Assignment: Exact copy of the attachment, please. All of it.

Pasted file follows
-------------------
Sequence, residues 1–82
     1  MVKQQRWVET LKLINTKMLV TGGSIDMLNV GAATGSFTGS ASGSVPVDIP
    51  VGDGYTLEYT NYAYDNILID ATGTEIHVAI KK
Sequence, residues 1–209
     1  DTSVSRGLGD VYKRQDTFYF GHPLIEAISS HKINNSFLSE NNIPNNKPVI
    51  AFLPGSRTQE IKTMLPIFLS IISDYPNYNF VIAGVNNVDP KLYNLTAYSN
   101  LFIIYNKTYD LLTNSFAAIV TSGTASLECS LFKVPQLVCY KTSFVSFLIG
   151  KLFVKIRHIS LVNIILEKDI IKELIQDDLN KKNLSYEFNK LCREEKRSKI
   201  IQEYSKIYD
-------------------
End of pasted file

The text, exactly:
Sequence, residues 1–82
     1  MVKQQRWVET LKLINTKMLV TGGSIDMLNV GAATGSFTGS ASGSVPVDIP
    51  VGDGYTLEYT NYAYDNILID ATGTEIHVAI KK
Sequence, residues 1–209
     1  DTSVSRGLGD VYKRQDTFYF GHPLIEAISS HKINNSFLSE NNIPNNKPVI
    51  AFLPGSRTQE IKTMLPIFLS IISDYPNYNF VIAGVNNVDP KLYNLTAYSN
   101  LFIIYNKTYD LLTNSFAAIV TSGTASLECS LFKVPQLVCY KTSFVSFLIG
   151  KLFVKIRHIS LVNIILEKDI IKELIQDDLN KKNLSYEFNK LCREEKRSKI
   201  IQEYSKIYD